"I believe the children are our future,

"Teach them well and let them lead the way.

"Give them a sense of pride,

"To make it easier........"

I once read a news story about a semi-rig that got stuck under a low-clearance viaduct. Emergency workers were called in to strategize. Some suggested dismantling the truck's trailer; others, to use a crane with a special jack to raise the viaduct, or to hew out grooves in the pavement under the trucks wheels.

Nobody paid much attention to an earnest young boy who had a different suggestion. After all, this was a man's job, a job for experts. But the boy persisted, and what he suggested made so much sense that even the experts had to take notice.

He told the men to simply let the air out of the trucks tires.

Doubtless, most, if not all, of the plans offered that afternoon would have eventually gotten the truck out of the predicament. But unlike the adults who were trained, and therefore limited, by conventional reasoning, the boy was able to think out of the box and solve the conundrum with the most useful truth for that particular situation.

The experts should not be laughed at for failing to see what the boy saw. They should be commended for ultimately recognizing the usefulness of his truth, even though the source was neither expert, nor, for that matter, fully grown.

A great kabbalist expressed his wish that he could "pray like a child." A child connects directly to G‑d's essence. His perception of G‑d is true and pure, intrinsic and innate. His essential bond with G‑d transcends the levels of conscious awareness and he identifies with the G‑dly essence of his being. A highly intellectual Torah scholar's bond with G‑d is forged through his intellectual comprehension of G‑d's manifestations and attributes. He must struggle to relate to the point of it all—the essence of G‑d. Therefore a child possesses a certain advantage in his relationship with G‑d.

Recently, my cousin laughingly relayed her children's sense of joy, awe and excitement in their pre-occupation with Moshiach during their trip to Israel for Pesach. Smiling she said that they worked Moshiach into every conversation. A child's belief in and connection with G‑d is simple and pristine. Free from the Galut (exile) mentality that enslaved and restricted the adults, to them Moshiach was not a hope or a desire, but a fact. Their belief in and connection with G‑d, simple and pristine. At the kotel they excitedly exclaimed "if Moshiach comes this very minute we are going to be right in the front ready to greet him." When passing the Mount of Olives they commented on the good fortune of the people who are buried there since "they will have the first view of the Holy Temple as soon as Moshiach gets here."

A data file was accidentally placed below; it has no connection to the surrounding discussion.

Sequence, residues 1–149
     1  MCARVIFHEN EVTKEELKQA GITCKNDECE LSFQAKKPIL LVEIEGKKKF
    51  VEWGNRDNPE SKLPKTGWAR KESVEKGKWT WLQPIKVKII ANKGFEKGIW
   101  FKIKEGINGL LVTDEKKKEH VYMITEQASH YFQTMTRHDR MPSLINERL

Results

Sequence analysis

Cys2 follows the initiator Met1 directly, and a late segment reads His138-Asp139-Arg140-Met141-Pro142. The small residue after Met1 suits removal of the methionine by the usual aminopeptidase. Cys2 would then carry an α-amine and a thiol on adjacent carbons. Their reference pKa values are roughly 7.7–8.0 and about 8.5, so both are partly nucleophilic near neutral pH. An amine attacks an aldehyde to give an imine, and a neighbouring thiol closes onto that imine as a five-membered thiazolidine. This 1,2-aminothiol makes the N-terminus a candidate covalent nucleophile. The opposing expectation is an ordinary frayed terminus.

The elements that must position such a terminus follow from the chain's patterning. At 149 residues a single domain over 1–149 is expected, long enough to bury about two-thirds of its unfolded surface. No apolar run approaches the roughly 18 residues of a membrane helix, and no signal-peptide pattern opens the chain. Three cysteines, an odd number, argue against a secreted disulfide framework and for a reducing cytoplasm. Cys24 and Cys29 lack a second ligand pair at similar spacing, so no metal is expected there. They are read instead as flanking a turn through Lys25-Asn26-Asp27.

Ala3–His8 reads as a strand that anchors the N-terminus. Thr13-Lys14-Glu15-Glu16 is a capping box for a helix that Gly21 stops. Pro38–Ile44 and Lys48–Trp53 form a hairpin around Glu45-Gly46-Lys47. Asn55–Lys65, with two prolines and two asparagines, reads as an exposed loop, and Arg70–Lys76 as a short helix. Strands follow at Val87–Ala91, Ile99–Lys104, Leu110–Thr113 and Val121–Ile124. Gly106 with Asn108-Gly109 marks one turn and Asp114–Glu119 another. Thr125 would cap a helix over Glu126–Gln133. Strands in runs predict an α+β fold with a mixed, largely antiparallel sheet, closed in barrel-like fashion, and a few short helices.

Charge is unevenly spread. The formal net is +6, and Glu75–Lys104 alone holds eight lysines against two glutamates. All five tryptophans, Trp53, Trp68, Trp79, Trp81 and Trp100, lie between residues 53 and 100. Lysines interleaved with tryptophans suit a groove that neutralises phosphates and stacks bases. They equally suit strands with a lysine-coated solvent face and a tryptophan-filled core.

They not only lived with the certainty of Moshiach during their waking hours but their Moshiach reality penetrated even during sleep. Their vivid dreams about Moshiach included images in which they envisioned themselves enveloped in soft fluffy clouds arriving at a gate that enclosed a huge mountain of mud then Moshiach arrived and the quagmire was transformed into paradise. Even when they had settled themselves on the plane anticipating their long journey home they discussed animatedly how "the plane would turn in midair and return to Jerusalem" if Moshiach arrived while they were traveling.

An unadulterated pure child-like relationship with G‑d can be shared by every Jew for the G‑dly essence of his being is the inherent fundamental birthright of each one of us. All that is necessary is to follow the example of the children and get beyond the "I" that stands in the way of acknowledging G‑d, and identifying with our true G‑dly reality.

In the words of the Holy Baal Shem Tov, "The wholesome simplicity of a simple Jew touches upon the utterly simple essence of G‑d."